Canadian indigenous Anglicans’ desire to form a self-determining community within the church took a step forward last summer when the 5th Sacred Circle approved a declaration calling for a native national bishop to be elected with a year.
The proposal received the unanimous support of 41 elders at the Sacred Circle. The Primate, Archbishop Andrew Hutchison and other bishops attending agreed in principle that it should be possible to have an indigenous bishop elected within a year.
The idea for a native bishop dates back to 1994 when native Anglicans and the Anglican Church of Canada signed a covenant agreeing to the eventual creation of “a new self- determining community within the Anglican Church of Canada.”
“The vision of the covenant now has wheels and can move forward,” said Archdeacon Sidney Black, co-chair of the Anglican Council of Indigenous People (ACIP).
It is envisioned that the bishop will have pastoral oversight of native communities. The bishop should already be ordained and will be appointed by the Primate. “He will play a public relations role in promoting the vision,” said Donna Bomberry, General Synod Indigenous Ministries Co-ordinator.
ACIP has begun working on the next steps in searching for the bishop. Three groups have been set up to work on the selection and funding process for the bishop and on communications, said Canon Black.
“As ACIP, we are aware of the challenges this move has especially in terms of governance structures,” said Canon Black, “but we hope in time these issues will be addressed.”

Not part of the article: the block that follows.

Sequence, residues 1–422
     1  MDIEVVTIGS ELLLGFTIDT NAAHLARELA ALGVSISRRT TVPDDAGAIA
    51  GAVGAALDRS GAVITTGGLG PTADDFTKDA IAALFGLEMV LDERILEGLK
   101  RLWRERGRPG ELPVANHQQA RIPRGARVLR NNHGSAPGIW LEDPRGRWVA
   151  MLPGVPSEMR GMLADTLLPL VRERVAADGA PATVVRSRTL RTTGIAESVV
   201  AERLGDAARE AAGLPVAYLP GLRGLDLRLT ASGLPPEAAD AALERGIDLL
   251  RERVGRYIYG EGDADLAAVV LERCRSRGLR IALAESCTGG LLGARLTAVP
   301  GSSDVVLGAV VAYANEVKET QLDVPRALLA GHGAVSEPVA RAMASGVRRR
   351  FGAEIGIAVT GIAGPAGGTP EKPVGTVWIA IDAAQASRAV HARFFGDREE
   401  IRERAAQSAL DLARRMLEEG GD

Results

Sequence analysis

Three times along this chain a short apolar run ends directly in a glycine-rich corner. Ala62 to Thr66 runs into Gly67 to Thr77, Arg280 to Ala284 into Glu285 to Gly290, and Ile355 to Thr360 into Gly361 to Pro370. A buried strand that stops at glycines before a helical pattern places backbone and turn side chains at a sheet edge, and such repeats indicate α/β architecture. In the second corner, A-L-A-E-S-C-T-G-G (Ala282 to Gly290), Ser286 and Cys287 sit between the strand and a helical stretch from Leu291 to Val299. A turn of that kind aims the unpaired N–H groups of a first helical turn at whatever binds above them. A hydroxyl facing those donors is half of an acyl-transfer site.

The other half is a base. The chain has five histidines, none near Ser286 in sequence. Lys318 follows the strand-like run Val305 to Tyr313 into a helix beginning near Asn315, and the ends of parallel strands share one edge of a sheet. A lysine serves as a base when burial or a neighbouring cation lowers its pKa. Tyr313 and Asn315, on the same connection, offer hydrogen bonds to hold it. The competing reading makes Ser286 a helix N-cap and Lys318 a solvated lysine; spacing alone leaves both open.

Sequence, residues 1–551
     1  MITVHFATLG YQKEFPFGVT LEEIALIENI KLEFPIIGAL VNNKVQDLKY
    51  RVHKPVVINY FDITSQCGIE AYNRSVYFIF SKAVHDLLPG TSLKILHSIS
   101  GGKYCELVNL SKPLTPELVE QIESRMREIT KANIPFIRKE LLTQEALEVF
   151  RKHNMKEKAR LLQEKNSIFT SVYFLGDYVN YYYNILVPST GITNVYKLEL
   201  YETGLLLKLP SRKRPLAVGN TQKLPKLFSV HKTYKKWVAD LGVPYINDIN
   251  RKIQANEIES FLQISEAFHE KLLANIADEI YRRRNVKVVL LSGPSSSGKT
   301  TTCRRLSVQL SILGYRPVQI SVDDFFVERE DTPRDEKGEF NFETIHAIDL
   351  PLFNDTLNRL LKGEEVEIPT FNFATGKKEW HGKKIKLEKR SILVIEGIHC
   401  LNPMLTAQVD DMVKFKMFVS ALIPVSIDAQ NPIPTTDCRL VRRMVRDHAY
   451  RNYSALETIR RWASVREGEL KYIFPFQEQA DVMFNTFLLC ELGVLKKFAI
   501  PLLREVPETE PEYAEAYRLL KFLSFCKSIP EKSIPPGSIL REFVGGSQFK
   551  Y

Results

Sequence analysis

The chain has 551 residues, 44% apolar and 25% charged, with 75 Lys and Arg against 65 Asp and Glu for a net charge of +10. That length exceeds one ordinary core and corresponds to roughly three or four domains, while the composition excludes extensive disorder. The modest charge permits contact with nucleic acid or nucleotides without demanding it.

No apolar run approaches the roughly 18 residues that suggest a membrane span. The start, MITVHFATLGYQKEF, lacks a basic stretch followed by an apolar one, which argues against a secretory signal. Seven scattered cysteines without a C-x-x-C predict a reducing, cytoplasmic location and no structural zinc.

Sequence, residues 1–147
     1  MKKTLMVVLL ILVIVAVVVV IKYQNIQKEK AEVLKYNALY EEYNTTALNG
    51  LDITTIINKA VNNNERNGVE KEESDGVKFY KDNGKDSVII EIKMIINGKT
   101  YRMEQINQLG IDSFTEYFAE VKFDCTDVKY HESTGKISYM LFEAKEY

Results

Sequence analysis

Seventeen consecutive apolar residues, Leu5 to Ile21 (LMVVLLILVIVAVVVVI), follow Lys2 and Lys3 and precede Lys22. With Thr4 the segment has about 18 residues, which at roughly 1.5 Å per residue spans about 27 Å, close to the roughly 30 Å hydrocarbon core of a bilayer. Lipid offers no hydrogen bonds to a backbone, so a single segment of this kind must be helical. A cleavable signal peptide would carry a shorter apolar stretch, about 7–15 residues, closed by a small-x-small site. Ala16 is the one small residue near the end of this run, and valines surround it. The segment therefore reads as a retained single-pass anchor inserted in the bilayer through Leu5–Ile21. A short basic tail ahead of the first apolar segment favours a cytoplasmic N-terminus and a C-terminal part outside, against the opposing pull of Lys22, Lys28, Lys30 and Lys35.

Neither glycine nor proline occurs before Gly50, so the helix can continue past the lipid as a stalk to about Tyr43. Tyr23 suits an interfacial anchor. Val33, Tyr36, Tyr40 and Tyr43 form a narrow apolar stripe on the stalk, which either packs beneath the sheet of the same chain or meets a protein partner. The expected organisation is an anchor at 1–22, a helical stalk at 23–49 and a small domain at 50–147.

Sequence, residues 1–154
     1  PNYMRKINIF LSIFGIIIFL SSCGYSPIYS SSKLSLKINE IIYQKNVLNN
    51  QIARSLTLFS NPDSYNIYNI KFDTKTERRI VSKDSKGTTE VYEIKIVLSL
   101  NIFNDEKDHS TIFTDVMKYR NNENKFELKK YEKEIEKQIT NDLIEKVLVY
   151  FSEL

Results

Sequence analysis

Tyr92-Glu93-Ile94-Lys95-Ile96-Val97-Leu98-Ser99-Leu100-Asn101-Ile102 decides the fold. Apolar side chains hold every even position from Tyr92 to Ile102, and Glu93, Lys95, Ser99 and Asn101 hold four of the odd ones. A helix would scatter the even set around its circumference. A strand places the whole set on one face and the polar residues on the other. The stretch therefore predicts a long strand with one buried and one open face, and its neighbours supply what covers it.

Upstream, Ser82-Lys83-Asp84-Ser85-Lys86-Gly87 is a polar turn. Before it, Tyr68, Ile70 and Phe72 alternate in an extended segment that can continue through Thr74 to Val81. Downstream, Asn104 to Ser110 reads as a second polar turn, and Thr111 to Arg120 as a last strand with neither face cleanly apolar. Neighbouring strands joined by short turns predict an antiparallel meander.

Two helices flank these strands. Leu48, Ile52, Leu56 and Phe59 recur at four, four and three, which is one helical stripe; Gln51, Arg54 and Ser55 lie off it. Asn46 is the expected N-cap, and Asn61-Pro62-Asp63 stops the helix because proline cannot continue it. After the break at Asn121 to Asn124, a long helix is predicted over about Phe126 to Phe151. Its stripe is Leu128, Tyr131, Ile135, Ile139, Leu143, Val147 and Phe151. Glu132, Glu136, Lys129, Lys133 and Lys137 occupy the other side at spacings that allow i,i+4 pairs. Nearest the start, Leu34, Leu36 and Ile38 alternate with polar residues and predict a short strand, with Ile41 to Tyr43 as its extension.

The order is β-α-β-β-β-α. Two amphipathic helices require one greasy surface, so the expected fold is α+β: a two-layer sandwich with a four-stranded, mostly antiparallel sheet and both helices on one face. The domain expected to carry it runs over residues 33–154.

As a way forward, Ms. Bomberry and Canon Black, recently visited New Zealand where they attended the 13th Synod of the Maori Anglican Church in Otaki, northern Wellington, (Nov.3-6).
“It was a great experience for us to witness how the Maori people govern themselves,” said Canon Black.
In 1992, The Anglican Church in Aotearoa, New Zealand and Polynesia adopted a constitution that resulted in the formation of three equal, autonomous yet interdependent streams: the Maori, Polynesian and Pakeha. The Maori people govern themselves as one of three separate but related cultural streams in the church. Last year, Archbishop Te Wakahuihui Vercoe, was elected as the second Maori Primate of New Zealand.
About 200 Maori Anglicans attended the synod, representing the five regions known as Amoragi.
“We were not treated as outsiders, but were welcomed into their circle and were involved in the discussions,” said Canon Black.
“We hope that the experiences we learnt from the Maori Anglicans will help shape our vision of a Canadian Anglican Indigenous church,” said Ms. Bomberry. “Maybe one day the Sacred Circle, will become a synod.”
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